We are also committed to reducing our emissions intensity and continuing efforts to improve the energy efficiency of our operations as well as ending continuous flaring.

Shell Scenarios and pathways to decarbonisation

Shell Scenarios* envisage a future where renewable energies could eventually become the largest component of the global energy system. But, despite the rapid growth of renewables, they anticipate that it will only be possible to provide the full range of energy products by combining renewables with cleaner hydrocarbons such as natural gas, and deploying technology to capture and store emissions of CO2.

To achieve such an outcome for a global population of at least 9 billion by mid-century will require an enormous global undertaking supported by effective policy, a sense of urgency, and long-term vision.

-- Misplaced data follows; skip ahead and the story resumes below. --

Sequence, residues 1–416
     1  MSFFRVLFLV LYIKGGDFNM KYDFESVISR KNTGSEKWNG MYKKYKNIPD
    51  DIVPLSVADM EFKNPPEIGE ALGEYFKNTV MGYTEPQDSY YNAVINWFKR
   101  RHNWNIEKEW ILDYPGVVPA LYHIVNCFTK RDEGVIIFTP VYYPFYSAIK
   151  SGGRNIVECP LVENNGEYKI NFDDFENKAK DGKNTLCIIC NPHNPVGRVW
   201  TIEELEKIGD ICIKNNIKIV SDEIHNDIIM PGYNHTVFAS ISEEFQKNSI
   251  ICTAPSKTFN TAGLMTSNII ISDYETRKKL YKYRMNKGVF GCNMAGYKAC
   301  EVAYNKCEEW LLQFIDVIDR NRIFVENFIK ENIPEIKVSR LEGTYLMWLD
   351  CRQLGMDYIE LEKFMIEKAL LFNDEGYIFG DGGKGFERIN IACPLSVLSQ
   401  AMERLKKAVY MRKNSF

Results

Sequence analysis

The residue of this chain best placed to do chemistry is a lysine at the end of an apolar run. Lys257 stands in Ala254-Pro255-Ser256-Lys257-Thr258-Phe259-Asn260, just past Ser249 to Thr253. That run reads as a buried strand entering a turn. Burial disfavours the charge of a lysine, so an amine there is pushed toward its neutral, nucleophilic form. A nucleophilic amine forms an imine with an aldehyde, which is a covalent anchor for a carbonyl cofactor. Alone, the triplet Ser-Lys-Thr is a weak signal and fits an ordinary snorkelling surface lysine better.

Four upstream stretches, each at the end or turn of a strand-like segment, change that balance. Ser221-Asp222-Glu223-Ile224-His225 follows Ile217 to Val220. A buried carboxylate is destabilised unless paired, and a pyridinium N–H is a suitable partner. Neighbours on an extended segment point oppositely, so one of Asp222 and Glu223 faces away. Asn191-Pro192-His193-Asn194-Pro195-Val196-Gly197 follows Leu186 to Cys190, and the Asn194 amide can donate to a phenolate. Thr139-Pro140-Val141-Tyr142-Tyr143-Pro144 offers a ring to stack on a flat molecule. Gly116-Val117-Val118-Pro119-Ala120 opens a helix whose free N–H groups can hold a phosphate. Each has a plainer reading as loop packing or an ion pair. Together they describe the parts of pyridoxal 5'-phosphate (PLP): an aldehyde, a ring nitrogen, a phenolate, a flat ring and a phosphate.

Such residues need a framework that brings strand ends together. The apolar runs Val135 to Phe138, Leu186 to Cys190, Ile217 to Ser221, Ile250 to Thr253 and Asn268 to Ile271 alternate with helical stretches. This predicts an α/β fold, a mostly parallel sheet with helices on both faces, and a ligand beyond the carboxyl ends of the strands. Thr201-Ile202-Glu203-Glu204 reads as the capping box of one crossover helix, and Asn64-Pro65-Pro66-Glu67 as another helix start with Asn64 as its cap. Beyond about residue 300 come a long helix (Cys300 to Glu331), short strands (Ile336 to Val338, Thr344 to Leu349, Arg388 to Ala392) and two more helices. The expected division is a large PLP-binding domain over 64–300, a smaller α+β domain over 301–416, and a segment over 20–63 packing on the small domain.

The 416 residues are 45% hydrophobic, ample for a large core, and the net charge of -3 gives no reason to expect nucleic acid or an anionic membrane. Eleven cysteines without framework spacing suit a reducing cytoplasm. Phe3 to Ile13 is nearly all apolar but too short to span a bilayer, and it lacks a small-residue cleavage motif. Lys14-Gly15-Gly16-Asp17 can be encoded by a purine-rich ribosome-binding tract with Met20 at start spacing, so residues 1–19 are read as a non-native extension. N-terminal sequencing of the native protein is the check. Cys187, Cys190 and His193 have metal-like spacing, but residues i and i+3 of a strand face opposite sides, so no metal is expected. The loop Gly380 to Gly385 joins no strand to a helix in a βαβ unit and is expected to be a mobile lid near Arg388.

According to Shell Scenarios, the energy system of the future will be something of a patchwork. Some countries and sectors of the economy could de-carbonise in the coming decades, while others – such as energy intensive heavy industries – will likely require more time to develop technology solutions.

Ways society can move towards a lower-carbon future include improving energy efficiency, switching from coal to natural gas, increasing electrification and the use of renewables. Further options include boosting the use of low-carbon fuels, rethinking land-use and agrarian policies, and improving low-carbon infrastructure planning for cities and transit systems.

Shell Scenarios suggest that the world will require means of achieving “negative” emissions in some sectors to offset remaining emissions. One way to do this is to combine sustainable biomass gasification with the capture and storage of carbon dioxide (CCS) in power generation.

Read more about ways to help reduce CO2 emissions, and where Shell is active.

Natural gas

Natural gas

Natural gas produces half as much CO2 as coal when used for electricity generation. Replacing a coal-fired plant with a gas-fired plant that has carbon capture and storage (CCS) can cut CO2 emissions by up to 90%.